Architecture students submit proposals for a self reliant future London
The country’s food supply is almost entirely dependent on oil, a particularly vulnerable commodity nowadays. And, it is our cities that are the most likely areas to feel the impact of food shortages, according to the organisers of a new exhibition in London.
Entitled “London Yields: Urban Agriculture”, the show examines how UK cities need to invest in an agriculture infrastructure if the country wants to avoid food crisis.
It looks at various methods by which food production can be incorporated into the urban environment at both an industrial and domestic level.
Amongst the exhibitors are Royal College of Art architecture students Ian Douglas-Jones and Fergus Feilden who give their take on a self reliant London:
Towards New Capital By Ian Douglas-Jones
Project to 2070: Food imports dried up 20 years ago when oil peaked at $1000 a barrel. Our new self reliance has necessitated the development of dense enclaves of self-subsistence, and self sustenance; each enclave provides the optimum population density with the exact amount of energy and food.
But how can we ensure our future without subjugating our culture and quality of life? And at what cost?
The exemplary community is a radically new live/work typology, a stratified mega-building type, of play, live and production.
A verdant roofscape of automated cultivation weaves with recreation, whilst covering flexible ‘hot living’, where adaptability is taken literally with swelled/atrophied living spaces, shifting to time and tide, seasonal variations dictating space and energy usage.
Super efficient, the community is carbon positive, a new black gold emerges as the carbon credit.
All the desires, wants and needs are provided for, residence in the enclaves are highly coveted, a new super gated community, played out in full. The ruinous city left behind serves only as a reminder to the failed, un-sustained urbanism of the 20th century.
Agridemics By Fergus Feilden
Can young people rise above poverty and crime through agricultural training in Southwark, enabling them to transcend their roots?
The borough of Southwark suffers massive deprivation, and the lack of opportunities for young people has lead to high crime rates costing the borough approximately £200m annually. Most of the crime is committed by young people, two-thirds being committed by the under 25’s and of this a third by 11-17 year olds. Almost 90% of these crimes are committed by males and two thirds are committed in or around Southwark’s green spaces.
Outside London there is a looming crisis in agriculture. 50% of the farming population is over the age of 55 and 25% are already beyond retirement age. This comes at a time when the issue of food security is near the top of the political agenda.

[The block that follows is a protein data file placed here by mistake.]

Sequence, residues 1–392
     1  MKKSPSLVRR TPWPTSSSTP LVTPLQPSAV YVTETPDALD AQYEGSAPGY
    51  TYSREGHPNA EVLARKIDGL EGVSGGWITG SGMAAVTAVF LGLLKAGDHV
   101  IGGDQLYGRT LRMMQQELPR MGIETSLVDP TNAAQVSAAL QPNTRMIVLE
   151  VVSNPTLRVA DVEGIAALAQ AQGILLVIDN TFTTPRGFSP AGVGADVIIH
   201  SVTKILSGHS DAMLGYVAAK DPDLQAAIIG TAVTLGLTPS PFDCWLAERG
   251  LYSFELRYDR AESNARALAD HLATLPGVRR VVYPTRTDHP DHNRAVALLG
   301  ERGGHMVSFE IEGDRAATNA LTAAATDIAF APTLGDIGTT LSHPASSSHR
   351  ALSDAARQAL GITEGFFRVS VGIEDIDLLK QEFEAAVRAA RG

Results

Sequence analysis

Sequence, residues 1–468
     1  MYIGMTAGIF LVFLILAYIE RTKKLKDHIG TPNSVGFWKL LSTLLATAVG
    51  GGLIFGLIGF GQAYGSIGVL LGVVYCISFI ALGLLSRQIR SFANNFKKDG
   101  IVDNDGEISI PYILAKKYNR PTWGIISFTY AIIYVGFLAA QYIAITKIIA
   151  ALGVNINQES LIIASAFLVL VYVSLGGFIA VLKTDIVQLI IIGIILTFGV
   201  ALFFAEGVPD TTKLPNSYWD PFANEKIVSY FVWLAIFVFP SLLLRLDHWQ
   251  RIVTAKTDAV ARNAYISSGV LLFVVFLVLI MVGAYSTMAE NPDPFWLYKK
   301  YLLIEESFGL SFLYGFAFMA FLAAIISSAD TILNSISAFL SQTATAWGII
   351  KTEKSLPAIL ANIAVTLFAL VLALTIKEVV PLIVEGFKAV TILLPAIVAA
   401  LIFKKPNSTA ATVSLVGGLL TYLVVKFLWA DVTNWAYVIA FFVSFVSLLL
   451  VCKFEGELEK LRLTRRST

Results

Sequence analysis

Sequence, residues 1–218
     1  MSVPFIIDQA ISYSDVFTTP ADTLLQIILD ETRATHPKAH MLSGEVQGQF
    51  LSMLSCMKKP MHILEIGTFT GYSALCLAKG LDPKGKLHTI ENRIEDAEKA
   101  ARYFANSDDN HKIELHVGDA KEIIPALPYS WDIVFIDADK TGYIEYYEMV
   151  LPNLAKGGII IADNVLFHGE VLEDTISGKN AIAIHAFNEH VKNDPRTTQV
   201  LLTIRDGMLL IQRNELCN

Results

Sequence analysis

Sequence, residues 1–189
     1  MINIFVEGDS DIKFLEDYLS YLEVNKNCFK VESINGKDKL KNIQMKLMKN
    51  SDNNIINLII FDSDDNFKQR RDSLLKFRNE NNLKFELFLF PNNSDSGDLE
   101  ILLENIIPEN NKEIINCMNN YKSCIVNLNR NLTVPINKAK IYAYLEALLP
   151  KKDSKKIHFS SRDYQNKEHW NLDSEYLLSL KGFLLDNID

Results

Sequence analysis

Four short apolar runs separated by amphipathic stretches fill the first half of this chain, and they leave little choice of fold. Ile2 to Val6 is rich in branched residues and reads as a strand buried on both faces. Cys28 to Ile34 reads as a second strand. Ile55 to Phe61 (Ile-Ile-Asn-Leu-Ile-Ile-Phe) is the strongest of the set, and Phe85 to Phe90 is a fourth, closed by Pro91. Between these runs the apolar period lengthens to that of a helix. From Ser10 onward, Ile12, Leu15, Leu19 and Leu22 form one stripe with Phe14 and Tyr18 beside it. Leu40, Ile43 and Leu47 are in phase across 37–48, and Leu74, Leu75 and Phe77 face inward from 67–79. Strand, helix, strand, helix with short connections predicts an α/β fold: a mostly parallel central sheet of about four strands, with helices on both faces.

Agridemics will equip a new generation of young people to take over the stewardship of the countryside. This generational hand-over is essential for the survival and healthy development of British Agriculture.
It is proposed therefore to marry this lack of youth in the fields with the undirected energy of urban teens, providing a generation of Londoners with a green route out of the city.
Agridemics gives marginalized and disaffected young people the opportunity to gain training in, and ownership over, the green spaces of Southwark and wider London. This could fill the massive gap currently opening in agricultural workers as half our farmers are due to retire in the next 10 years.
Addressing issues of food security and improving the health of the residents, Agridemics will generate fresh produce throughout the borough. The symbiosis between agriculture and academia will create a unique learning and productive environment. Based on a studio-schools model, students are the labour-force, living and working on site while generating a real income.
There is an opportunity to use the existing infrastructures of the Aylesbury Estate. This failing housing yields opportunities to use the existing framework (which has largely failed the population), for housing animals. It is a bio-dynamic system, capable of self-nourishment and acting as a prototype for future agri-cademies, made possible through failing housing, silage from London’s parks and a young labour force.
These young people respond well to having a regular structure and routine. They relate easier to each other and animals than adults and have few ways of becoming integrated in society. Primary industries in London often offered vocational training and opportunities for the those without other qualifications, however many of our primary industries have declined, especially in the capital.
The agri-cademy would be small in terms of academies as it is based on a studio-school system, providing for only 500 11-19 year olds, 50 other staff/agriculturalists, 200 cattle, 60 pigs, chickens and market gardens.
Livestock could be over-wintered in stock-blocks are processed through the educational spaces thereby interconnecting processes, animals and people. Produce will be sold on site, generating income and involving the community. Agridemics would prove successful if crime rates fell and fewer vulnerable young people fell into crime. The success could also be measured in terms of improved health, income and employment.